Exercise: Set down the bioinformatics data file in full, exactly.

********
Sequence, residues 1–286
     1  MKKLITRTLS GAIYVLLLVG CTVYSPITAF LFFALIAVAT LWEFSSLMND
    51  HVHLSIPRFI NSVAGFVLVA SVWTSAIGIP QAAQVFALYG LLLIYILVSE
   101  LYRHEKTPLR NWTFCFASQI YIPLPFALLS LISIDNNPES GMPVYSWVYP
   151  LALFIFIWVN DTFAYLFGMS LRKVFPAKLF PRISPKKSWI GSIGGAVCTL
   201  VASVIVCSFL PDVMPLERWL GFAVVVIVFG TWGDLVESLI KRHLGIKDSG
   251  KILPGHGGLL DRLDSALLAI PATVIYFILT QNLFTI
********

Sequence, residues 1–286
     1  MKKLITRTLS GAIYVLLLVG CTVYSPITAF LFFALIAVAT LWEFSSLMND
    51  HVHLSIPRFI NSVAGFVLVA SVWTSAIGIP QAAQVFALYG LLLIYILVSE
   101  LYRHEKTPLR NWTFCFASQI YIPLPFALLS LISIDNNPES GMPVYSWVYP
   151  LALFIFIWVN DTFAYLFGMS LRKVFPAKLF PRISPKKSWI GSIGGAVCTL
   201  VASVIVCSFL PDVMPLERWL GFAVVVIVFG TWGDLVESLI KRHLGIKDSG
   251  KILPGHGGLL DRLDSALLAI PATVIYFILT QNLFTI